Weekly Roundup – 10.5.18
Here’s the Weekly Roundup! (Note: there will be no Roundup next Friday.)
- Over at bibleinterp.com there is an excerpt from John: Interpreted by Early Christian and Medieval Commentators (Eerdmans, 2018) entitled “The Spiritual Gospel: The Gospel of John in the Early Church.” In this excerpt Bryan Stewart discusses the way early Christian writers viewed and used the fourth Gospel, often drawing parallels between it and various Old Testament texts.
- Over at The Secular Outpost Bradley Bowen has posted an index to his lengthy series rebutting Peter Kreeft’s chapter on God in Handbook of Apologetics. I have not read the entire series but from what I have read it seems very thorough. Those interested in philosophy of religion may want to take a look.
- I am slowly getting caught up on @StudyofChrist’s series on the genealogy of Matthew. And I need to hurry because he has moved on to the Lukan genealogy! I recently watched four videos: “Time Variation” parts 1 and 2 and “Why Does Matthew Include Women in His Genealogy” parts 1 and 2. The two on women in the Matthean genealogy are very interesting and @StudyofChrist shows that he has really done his homework. If you aren’t subscribed to his channel, do it already!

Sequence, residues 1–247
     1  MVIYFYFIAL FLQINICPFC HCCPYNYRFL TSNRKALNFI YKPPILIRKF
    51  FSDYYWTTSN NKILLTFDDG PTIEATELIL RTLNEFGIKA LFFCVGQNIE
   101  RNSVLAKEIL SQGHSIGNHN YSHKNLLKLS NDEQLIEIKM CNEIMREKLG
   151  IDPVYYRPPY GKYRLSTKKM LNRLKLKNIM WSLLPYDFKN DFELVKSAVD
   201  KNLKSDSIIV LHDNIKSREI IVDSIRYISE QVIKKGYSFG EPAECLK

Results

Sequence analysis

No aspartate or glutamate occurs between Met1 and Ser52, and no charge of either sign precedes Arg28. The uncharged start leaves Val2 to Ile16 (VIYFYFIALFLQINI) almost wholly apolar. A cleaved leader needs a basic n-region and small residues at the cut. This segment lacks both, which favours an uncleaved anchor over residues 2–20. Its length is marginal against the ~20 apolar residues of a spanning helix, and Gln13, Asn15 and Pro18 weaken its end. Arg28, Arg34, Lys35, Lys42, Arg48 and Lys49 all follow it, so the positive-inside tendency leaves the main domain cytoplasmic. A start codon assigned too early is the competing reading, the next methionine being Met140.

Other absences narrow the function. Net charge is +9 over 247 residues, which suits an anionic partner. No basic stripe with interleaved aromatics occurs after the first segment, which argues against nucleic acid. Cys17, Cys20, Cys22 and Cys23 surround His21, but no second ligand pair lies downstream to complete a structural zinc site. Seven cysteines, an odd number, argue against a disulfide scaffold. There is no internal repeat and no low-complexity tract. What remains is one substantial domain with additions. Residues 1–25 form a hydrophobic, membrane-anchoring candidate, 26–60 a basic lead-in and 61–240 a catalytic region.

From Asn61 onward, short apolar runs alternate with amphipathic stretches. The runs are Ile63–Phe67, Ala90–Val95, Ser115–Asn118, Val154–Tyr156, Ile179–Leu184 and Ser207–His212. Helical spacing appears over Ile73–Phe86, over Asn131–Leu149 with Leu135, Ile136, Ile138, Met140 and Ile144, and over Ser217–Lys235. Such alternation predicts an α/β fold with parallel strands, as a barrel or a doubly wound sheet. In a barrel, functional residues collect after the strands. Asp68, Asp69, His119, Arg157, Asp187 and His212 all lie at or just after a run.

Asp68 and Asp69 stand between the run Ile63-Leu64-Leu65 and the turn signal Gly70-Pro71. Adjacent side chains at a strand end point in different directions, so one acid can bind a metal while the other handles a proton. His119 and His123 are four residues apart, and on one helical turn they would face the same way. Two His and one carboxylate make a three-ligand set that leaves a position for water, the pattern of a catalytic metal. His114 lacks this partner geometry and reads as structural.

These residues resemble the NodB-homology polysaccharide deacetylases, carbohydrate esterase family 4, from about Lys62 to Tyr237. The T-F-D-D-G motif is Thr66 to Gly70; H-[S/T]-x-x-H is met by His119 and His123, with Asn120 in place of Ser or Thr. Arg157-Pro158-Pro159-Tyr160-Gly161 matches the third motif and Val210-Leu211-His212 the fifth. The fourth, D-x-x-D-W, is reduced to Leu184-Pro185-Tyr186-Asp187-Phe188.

- Over at his blog Twitter user, YouTuber, and blogger D.M. Spence has an absolutely devastating critique of a blog post by pop-apologist SJ Thomason had written on why she thinks the angel of Yahweh is the pre-incarnate Jesus. Spence’s rebuttal is simply titled “Jesus is NOT the Angel of the LORD.” I had toyed around with the idea of writing a rebuttal to Thomason’s post but I don’t need to as Spence has written exactly what I what have written and more and he did it far better than I could have. Not that Thomason cares; she is still stuck in her echo chamber.
- Last December Clint Heacock put a nice little post covering the topic of inerrancy entitled “Deconstructing Biblical Inerrancy.” Heacock traces its origins to the heresy trial of Charles Briggs, the nineteenth century Union Seminary professor whose love for “higher criticism” got him into some real trouble with the confessional crowd. It is an interesting post, one that asks some very serious questions about just how tenable inerrancy is.
Featured image: Wikimedia Commons.